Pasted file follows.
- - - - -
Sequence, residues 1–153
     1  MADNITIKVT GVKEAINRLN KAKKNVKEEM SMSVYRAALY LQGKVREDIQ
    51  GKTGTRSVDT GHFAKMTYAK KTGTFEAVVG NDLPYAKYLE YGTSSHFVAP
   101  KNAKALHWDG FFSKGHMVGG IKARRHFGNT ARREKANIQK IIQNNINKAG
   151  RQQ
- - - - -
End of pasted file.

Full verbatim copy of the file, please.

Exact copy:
Sequence, residues 1–153
     1  MADNITIKVT GVKEAINRLN KAKKNVKEEM SMSVYRAALY LQGKVREDIQ
    51  GKTGTRSVDT GHFAKMTYAK KTGTFEAVVG NDLPYAKYLE YGTSSHFVAP
   101  KNAKALHWDG FFSKGHMVGG IKARRHFGNT ARREKANIQK IIQNNINKAG
   151  RQQ